Law School Applications: The Basics
Law school admissions can be a tricky process and It’s important to seek out professional advice prior to applying.
Luke Plotica, a political science professor and law school advisor at Virginia Tech, recently spoke to the Collegiate Times in a Q&A piece covering law school application basics.
When to apply
There isn’t any “right” time to apply to law school, but experts say the earlier the better. According to the Law School Admission Council (LSAC), applying earlier can offer a number of benefits.
“First, you will have more time to fill in any gaps in your application file,” LSAC’s website reads. “Second, you might have more time to evaluate the schools that have accepted you—or to apply to other schools that you had not previously considered. Third, you will reduce the chance that a problem or error in paperwork might delay the review of your application.”
Plotica tells the Collegiate Times that a year out is the “safe point” to apply.
“With the way that the LSAT cycle works and everything else that an applicant needs to worry about … the applicant benefits from having months and months on their side,” Plotica tells Collegiate Times.
Importance of GPA and LSAT scores
When it comes to GPAs, LSAC advises that a high GPA is just as important as the quality of courses you enroll in. For those with a low starting GPA, it’s best to work on an upward path.
“Many law schools also examine your performance trend throughout undergraduate school,” LSAC’s website reads. “That means they may discount a slow start in a student’s undergraduate career if he or she performs exceptionally well in the later school years. Similarly, admission committees may see an undergraduate’s strong start followed by a mediocre finish as an indication of less potential to do well in law school.”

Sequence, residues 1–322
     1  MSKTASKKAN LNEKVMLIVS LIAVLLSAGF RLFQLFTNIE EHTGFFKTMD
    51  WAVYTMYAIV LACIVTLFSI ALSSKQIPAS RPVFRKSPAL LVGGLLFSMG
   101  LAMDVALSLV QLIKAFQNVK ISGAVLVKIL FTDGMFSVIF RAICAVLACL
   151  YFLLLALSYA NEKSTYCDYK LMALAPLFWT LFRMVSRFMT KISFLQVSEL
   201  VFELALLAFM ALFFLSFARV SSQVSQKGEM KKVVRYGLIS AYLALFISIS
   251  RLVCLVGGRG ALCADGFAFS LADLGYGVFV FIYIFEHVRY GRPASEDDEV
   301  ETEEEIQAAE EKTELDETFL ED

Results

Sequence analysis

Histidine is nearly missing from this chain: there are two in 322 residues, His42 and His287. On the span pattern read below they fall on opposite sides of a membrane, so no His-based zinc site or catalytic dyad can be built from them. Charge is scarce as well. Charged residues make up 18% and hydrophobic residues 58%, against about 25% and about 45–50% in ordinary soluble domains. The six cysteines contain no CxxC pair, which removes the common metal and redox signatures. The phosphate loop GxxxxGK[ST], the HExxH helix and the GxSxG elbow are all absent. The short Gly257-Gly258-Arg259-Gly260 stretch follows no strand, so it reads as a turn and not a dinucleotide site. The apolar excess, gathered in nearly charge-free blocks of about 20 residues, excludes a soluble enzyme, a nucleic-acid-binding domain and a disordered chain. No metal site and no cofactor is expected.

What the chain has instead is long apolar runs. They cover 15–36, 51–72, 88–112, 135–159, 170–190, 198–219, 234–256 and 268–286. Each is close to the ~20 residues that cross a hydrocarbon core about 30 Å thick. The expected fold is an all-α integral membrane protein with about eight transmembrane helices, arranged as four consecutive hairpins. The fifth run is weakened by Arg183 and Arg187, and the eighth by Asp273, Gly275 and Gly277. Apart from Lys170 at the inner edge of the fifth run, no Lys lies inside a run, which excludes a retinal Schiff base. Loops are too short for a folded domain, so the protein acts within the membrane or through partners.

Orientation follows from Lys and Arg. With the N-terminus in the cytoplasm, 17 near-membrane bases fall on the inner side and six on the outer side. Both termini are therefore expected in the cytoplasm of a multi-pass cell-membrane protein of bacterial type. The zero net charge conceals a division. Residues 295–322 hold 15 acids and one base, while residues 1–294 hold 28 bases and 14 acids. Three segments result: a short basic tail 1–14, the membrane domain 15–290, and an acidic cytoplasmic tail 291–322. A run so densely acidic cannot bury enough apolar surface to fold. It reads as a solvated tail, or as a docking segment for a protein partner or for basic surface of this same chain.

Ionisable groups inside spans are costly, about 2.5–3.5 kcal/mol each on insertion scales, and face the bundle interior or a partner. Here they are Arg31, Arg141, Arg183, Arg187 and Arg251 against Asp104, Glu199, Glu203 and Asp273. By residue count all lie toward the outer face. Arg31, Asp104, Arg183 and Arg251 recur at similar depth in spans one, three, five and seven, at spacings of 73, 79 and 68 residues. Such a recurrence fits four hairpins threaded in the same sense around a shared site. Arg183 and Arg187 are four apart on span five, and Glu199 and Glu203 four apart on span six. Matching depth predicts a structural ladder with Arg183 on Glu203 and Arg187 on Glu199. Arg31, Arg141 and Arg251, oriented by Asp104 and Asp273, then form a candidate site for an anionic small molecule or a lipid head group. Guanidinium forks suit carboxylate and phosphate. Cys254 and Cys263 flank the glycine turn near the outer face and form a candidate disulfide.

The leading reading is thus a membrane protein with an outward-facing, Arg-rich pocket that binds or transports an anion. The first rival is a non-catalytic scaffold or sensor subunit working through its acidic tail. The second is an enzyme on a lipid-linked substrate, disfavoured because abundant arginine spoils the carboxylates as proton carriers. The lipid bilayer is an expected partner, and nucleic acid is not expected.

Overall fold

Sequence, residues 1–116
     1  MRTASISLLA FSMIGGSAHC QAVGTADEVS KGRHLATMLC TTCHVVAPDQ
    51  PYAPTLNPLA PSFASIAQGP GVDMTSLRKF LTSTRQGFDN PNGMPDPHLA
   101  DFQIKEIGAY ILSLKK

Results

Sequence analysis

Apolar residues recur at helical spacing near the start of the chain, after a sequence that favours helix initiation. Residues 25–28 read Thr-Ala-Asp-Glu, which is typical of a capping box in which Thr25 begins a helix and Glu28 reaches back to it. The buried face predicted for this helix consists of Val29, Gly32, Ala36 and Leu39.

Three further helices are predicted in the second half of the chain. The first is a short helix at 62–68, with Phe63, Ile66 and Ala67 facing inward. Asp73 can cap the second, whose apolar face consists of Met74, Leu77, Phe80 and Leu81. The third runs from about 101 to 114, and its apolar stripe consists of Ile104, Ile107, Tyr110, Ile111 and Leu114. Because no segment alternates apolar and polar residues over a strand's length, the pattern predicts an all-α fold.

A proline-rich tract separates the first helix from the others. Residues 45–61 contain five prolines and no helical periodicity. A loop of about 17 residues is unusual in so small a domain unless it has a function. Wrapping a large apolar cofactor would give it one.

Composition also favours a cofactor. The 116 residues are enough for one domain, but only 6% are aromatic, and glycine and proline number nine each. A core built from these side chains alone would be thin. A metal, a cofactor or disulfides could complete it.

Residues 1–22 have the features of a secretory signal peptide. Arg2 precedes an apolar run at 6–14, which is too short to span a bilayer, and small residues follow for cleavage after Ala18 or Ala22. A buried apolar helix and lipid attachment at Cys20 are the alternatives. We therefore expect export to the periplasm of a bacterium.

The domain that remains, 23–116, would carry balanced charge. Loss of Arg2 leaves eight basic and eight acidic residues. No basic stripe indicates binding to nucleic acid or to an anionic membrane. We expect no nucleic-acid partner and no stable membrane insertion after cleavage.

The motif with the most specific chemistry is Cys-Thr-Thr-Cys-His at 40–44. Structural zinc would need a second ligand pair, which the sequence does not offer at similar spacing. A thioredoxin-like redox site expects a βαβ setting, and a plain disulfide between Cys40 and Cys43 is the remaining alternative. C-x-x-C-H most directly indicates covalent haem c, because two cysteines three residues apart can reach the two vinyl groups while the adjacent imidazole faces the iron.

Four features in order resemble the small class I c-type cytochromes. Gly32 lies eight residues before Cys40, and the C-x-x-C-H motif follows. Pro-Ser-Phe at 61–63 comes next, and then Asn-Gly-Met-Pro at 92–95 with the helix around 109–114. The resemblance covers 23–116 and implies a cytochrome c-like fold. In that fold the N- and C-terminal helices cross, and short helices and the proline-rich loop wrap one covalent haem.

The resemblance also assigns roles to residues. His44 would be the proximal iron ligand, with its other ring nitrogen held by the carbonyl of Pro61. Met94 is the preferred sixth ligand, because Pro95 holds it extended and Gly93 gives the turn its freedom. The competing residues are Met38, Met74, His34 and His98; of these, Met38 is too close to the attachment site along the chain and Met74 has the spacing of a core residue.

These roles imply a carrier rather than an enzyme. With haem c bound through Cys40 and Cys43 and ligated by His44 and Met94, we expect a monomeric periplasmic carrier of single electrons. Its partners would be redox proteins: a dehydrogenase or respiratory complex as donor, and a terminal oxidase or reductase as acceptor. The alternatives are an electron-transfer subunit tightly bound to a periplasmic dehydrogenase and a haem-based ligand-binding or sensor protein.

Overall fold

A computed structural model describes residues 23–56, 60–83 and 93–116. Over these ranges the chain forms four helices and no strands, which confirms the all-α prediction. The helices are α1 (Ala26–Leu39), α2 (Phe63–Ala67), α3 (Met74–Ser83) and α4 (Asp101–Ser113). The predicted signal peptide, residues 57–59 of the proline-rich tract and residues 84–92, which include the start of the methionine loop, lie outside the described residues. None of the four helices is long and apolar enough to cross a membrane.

There is no single score that applies to all law schools when it comes to the LSAT. Yet, Plotica says it’s an important and necessary part of the process. His advice on the exam?
“A lot of people struggle not because they’re not smart, but because it’s a particularly challenging task,” Plotica tells Collegiate Times. “The LSAT is inevitable, so the best advice I have is to allow yourself proper time to prepare.”
Letters of recommendation: Key steps
The first step to putting together letters of recommendation is to choose who you want to write your letter.
“You want it to be someone who knows you reasonably well,” Plotica tells Collegiate Times. “For academic references, which are what most people get for most of their letters, it should be someone you have taken at least one class with. I think applicants should really ask themselves, ‘Who are the faculty who have the best impression of me as a student?’”
It’s also important to build strong relationships with professors and supervisors early on. Strong relationships can lead to stronger letters of recommendation.
According to UC-Berkeley, there are a few ways to build strong relationships and get to know professors.
“Speak up in class, select courses with small class sizes, take more than one class from a professor, do research for a professor, take on optional projects (e.g., write an honor thesis or start an outreach program at work), and regularly attend office hours,” Berkeley’s website reads. “The best strategy you can use to get a good letter of recommendation, particularly if a professor does not have a long acquaintance with you, is to provide your letter writer with ample information about you.”
Law school is a difficult and time-consuming process. Plotica advises applicants to seriously consider whether a law career is the right career from them.
“The benefit [of going to law school] should really just be that you really want to go to law school and you feel that this is a meaningful thing to do with your life,” he tells Collegiate Times. “You feel that studying law is something you are genuinely interested in. You can see yourself spending perhaps the rest of your working life working with the law in some capacity.”
Sources: Collegiate Times, Law School Admission Council, UC Berkeley